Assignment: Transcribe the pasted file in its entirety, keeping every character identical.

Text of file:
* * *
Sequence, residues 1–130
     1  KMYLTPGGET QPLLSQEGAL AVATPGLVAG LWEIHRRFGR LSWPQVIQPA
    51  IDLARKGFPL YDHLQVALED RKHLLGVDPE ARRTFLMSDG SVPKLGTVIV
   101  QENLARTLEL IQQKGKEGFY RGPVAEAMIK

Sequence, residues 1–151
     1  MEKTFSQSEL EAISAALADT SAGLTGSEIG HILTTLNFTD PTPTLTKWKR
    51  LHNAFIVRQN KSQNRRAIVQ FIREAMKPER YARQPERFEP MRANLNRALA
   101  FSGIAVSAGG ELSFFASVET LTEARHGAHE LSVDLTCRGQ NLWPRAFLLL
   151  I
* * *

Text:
Sequence, residues 1–130
     1  KMYLTPGGET QPLLSQEGAL AVATPGLVAG LWEIHRRFGR LSWPQVIQPA
    51  IDLARKGFPL YDHLQVALED RKHLLGVDPE ARRTFLMSDG SVPKLGTVIV
   101  QENLARTLEL IQQKGKEGFY RGPVAEAMIK

Sequence, residues 1–151
     1  MEKTFSQSEL EAISAALADT SAGLTGSEIG HILTTLNFTD PTPTLTKWKR
    51  LHNAFIVRQN KSQNRRAIVQ FIREAMKPER YARQPERFEP MRANLNRALA
   101  FSGIAVSAGG ELSFFASVET LTEARHGAHE LSVDLTCRGQ NLWPRAFLLL
   151  I